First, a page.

Tossing the TV is more evidence in favor of phone companies transitioning to all-IP.
As Ryan Nakashima from the Associated Press recently reported, there’s a dramatic shift afoot in how people are consuming entertainment:
Some people have had it with TV. They’ve had enough of the 100-plus-channel universe. They don’t like timing their lives around network show schedules. They’re tired of $100-plus monthly bills.
A growing number of them have stopped paying for cable and satellite TV service and don’t even use an antenna to get free signals over the air. These people are watching shows and movies on the Internet, sometimes via cellphone connections.
According to Nakashima, these TV tossers have been given a name by the Nielsen group—“Zero TV” households—and their numbers are increasing. In 2007, there were just 2 million homes. Today? 5 million and counting.
While those numbers aren’t yet big enough for broadcasters and cable providers to hit the panic button, they show an undeniable trend. Things are changing fast, and consumers increasingly want more freedom in when and where they watch their favorite shows. The season premiere of Game of Thrones set a record for piracy, which tells you two things: HBO’s business model probably needs an overhaul, and more and more people are unwilling to wait to be entertained.
It’s easy to label millions of people illegally downloading a hit show as entitled, but they’re just the scouts in what will eventually be an all-out assault from consumers on traditional business models. And once the armada lands, we’ll need networks powerful enough to meet their demands.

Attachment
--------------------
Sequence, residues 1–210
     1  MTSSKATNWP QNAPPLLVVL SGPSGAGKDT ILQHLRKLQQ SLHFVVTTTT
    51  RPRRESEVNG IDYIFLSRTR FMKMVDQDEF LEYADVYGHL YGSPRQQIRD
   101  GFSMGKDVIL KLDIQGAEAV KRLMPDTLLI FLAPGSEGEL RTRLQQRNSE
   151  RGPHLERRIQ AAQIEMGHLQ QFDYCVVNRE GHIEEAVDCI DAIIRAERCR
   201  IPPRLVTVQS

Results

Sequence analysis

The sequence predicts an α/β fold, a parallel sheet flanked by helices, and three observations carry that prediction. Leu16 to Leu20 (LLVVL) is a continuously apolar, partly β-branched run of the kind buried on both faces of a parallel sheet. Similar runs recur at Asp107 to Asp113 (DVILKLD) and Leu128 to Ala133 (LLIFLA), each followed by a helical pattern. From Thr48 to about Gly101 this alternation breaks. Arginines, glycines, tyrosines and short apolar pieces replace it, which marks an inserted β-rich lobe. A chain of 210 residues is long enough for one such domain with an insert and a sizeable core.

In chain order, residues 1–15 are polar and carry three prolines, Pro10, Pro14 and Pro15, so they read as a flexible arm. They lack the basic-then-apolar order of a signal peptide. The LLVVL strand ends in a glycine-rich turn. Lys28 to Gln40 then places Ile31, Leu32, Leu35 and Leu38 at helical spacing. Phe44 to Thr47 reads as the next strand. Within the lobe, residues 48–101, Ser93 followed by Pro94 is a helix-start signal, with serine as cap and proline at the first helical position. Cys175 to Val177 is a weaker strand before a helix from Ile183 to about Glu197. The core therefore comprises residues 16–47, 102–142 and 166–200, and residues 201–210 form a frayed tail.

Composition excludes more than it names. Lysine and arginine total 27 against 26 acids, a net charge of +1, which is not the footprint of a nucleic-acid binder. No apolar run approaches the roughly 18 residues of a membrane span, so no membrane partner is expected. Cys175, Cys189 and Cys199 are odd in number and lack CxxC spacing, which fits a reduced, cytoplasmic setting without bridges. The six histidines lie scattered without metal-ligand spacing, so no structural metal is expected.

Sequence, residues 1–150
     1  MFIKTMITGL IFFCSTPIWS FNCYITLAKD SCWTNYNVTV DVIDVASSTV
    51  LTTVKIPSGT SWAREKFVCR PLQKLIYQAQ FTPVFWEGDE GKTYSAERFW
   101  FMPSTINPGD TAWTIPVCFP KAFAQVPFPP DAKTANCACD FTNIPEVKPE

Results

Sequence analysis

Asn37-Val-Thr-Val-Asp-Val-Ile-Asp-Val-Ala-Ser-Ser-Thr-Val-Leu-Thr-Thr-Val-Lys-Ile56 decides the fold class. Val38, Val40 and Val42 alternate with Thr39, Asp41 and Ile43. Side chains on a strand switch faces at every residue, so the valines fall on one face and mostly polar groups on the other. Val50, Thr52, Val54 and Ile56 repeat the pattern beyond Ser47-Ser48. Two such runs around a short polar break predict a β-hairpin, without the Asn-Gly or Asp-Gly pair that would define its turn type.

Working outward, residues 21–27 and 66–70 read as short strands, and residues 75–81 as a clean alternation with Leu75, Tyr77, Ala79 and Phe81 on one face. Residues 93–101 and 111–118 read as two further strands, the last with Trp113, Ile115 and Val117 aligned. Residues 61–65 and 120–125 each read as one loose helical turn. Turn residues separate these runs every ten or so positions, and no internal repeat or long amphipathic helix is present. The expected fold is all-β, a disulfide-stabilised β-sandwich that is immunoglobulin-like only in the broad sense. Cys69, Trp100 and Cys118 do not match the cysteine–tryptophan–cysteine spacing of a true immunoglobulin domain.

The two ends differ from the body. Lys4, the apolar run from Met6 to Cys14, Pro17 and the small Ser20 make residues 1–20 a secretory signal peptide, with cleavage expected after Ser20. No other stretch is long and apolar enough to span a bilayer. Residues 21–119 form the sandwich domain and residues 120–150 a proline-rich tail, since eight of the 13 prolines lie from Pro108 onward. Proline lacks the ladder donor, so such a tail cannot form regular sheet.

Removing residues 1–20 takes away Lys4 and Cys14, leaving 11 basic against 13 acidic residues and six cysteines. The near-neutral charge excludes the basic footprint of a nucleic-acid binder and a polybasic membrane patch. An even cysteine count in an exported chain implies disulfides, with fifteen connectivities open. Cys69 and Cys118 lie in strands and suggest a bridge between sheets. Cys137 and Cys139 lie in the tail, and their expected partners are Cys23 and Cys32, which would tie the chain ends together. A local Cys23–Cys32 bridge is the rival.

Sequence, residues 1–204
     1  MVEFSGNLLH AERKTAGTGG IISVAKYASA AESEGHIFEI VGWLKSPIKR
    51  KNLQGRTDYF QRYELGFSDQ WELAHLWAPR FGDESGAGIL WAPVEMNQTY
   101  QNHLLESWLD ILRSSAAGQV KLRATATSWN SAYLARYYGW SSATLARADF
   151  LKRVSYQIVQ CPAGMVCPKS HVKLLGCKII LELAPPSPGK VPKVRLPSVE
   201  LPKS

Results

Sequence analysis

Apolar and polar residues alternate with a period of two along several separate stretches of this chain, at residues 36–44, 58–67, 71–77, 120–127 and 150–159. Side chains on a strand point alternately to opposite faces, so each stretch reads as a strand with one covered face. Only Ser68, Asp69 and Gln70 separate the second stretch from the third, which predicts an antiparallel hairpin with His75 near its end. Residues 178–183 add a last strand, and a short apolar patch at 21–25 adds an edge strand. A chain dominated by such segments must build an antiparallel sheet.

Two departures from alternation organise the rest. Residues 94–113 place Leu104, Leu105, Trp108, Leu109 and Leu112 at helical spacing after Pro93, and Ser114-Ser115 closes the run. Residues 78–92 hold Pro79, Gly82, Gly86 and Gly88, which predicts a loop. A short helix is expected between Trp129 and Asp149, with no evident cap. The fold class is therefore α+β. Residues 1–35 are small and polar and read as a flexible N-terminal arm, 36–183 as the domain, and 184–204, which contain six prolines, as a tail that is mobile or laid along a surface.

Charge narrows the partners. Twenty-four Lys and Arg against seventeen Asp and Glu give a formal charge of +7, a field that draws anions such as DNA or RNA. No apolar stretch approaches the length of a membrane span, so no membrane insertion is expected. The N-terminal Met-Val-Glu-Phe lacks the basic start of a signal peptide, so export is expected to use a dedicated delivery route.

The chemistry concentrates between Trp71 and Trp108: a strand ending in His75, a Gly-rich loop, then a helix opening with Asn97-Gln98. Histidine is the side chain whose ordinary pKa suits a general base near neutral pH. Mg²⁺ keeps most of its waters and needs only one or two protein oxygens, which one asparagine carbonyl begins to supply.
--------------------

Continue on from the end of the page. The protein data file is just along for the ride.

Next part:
Those networks will be all IP, or all Internet Protocol.
The transition to all IP networks will mean everything is done via the Internet — not just web surfing and streaming video, but home phone service as well. IP networks will also make viewing TV over the net more reliable and consistent, since it will give companies the ability to invest in upgrades without maintaining legacy networks people are increasingly abandoning.
This transition won’t happen overnight, nor should it. Millions of Americans still rely on traditional landlines, just as millions still happily pay for cable and watch broadcast TV over the air. Ensuring people can still depend on their home phones and watch their favorite shows is critical. The transition beta trials AT&T has proposed and the formation of the FCC’s Technology Transitions Policy Task Force to oversee regulatory concerns are good ways to step forward carefully.
The tide is definitely sweeping up toward an all IP future. The recent bump in TV viewers going online is just latest evidence. One day, we might all live in “Zero TV” households, and if everything goes smoothly — if government and industry work together — we won’t even notice how radically things have changed. The home phone will still be the home phone and TV will still be TV; the only difference will be how they’re delivered.